December 8

Healthy, Wealthy, and Wise: Living Ethically in the Light of the Bible

Introduction
Reading schedule

John 16:25-33; Revelation 5; Job 33:1-11; Hosea 3-4

Some see in Hosea’s purchase of Gomer a disparaging view of women as property to be bought and sold. The precise meaning here is unclear, but the focus of the passage is on the cost to Hosea (emotional, but also financial) of restoring his marriage. One interpretation is that Gomer was treated as property, but it is also possible that she had fallen into debt, leading to her becoming a prostitute or even a slave. Hosea then would have had no option but to purchase her out of her debt. Either way, her adultery brought her into a situation where she needed someone to redeem her. In spite of her unfaithfulness to Hosea, and the pain this must have caused him, he chose to love her sacrificially. At the same time, he put some conditions on the restoration. Gomer had to accept the need to remain faithful, as she should have done in the first place. All of this is provided to exemplify how God is seeking to restore Israel’s relationship to him (Hosea 3:5).

Hosea 4 begins an extended section detailing the charges against Israel. The list of unethical behaviour includes lying, stealing, violence and murder. The moral problems can, like Gomer’s, be traced to infidelity and adultery: Israel has been unfaithful to God and prostituted itself with other gods. But under the behaviour is a deeper issue: faithfulness and love are lacking, as is acknowledgment of God (Hosea 4:1). They have chosen empty sacrifices over knowing God (Hosea 6:6).

The Jewish scholar, Abraham Heschel in his book The Prophets, has examined the Hebrew terms used throughout Hosea for knowing or acknowledging God. The more common Hebrew term, yada, has a broader range of meaning than the English verb to know. The Hebrew term includes much more than intellectual knowledge of someone, but includes emotional attachment, even to the point of referring to sexual intimacy (Genesis 4:1).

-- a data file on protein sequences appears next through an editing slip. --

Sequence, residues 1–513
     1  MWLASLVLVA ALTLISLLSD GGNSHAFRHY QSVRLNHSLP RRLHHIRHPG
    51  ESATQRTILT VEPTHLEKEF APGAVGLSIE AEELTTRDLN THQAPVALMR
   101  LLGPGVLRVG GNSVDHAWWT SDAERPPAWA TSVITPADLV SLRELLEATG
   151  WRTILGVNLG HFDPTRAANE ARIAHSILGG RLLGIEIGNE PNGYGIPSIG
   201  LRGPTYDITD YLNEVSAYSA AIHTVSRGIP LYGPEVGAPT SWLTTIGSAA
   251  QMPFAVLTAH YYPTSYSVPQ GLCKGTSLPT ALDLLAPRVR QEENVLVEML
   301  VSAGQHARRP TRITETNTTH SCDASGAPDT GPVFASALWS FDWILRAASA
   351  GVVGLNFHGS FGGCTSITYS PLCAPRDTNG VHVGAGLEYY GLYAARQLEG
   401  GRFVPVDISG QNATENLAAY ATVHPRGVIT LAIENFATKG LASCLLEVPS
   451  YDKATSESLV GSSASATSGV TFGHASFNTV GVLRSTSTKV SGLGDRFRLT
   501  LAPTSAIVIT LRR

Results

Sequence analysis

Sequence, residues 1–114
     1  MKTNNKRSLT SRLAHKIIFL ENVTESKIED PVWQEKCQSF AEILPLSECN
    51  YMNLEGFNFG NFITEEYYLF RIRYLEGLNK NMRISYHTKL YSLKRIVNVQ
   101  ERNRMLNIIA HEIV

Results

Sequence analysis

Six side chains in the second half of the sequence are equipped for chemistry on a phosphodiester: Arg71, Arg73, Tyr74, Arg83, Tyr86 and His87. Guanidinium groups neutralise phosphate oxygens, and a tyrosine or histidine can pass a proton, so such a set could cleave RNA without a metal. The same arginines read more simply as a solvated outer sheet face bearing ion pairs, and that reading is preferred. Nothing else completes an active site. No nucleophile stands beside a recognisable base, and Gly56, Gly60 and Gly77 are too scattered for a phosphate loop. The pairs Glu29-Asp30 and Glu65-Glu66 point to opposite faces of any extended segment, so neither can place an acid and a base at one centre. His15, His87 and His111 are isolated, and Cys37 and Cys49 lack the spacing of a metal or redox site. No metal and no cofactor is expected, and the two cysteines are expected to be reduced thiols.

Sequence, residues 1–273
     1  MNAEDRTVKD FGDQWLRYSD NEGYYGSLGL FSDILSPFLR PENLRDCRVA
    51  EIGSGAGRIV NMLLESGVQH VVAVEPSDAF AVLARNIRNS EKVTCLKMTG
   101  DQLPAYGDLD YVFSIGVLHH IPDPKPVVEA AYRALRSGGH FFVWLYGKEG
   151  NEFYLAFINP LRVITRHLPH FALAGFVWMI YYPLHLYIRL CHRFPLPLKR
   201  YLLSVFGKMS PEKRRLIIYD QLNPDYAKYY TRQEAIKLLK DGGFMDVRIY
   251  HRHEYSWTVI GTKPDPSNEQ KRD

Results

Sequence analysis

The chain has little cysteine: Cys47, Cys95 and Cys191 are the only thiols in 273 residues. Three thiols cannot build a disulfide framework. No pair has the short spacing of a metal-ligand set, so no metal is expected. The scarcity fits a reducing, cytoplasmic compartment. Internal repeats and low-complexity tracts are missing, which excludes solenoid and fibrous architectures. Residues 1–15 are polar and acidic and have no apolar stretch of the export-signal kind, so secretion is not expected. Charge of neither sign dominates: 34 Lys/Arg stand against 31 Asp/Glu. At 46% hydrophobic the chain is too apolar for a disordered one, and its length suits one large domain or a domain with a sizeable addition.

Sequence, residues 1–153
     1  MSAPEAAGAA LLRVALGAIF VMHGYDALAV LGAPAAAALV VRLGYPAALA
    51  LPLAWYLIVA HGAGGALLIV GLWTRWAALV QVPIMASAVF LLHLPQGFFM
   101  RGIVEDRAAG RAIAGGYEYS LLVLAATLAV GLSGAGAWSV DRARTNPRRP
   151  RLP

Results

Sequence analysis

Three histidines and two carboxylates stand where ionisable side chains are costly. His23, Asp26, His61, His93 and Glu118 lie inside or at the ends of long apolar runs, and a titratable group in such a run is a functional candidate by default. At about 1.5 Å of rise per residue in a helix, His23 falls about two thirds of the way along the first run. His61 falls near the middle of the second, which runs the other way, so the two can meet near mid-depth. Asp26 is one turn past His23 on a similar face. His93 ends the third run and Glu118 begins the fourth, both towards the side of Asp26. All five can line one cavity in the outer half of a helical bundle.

Hosea coins another phrase, daath elohim, to capture the essence of what lies behind the moral life. The phrase is used twice (Hosea 4:1; 6:6), in both cases referring to something missing in Israel. Usually translated ‘knowledge of God’, Heschel describes is at something much deeper, more akin to the attachment that should exist between a married couple. The phrase includes knowledge of what is right, but also an inner desire and commitment to be ethical because of an emotional solidarity with God.

Just as spouses should be committed in their whole being to do right by one another, knowledge of God captures a similar commitment to know and empathise with God about ethical issues. God complains that such knowledge, and faithfulness and love, are missing from Israel, which is leading to its destruction. God looks for his people to know his ways, but also feel what he feels, such as when we have compassion on those who hurt, or desire justice where injustice reigns. The biblical view is that ethics is about much more than knowing right and wrong, but includes a sensitivity to what concerns God so that we can empathise with what affects him on all levels of our being.

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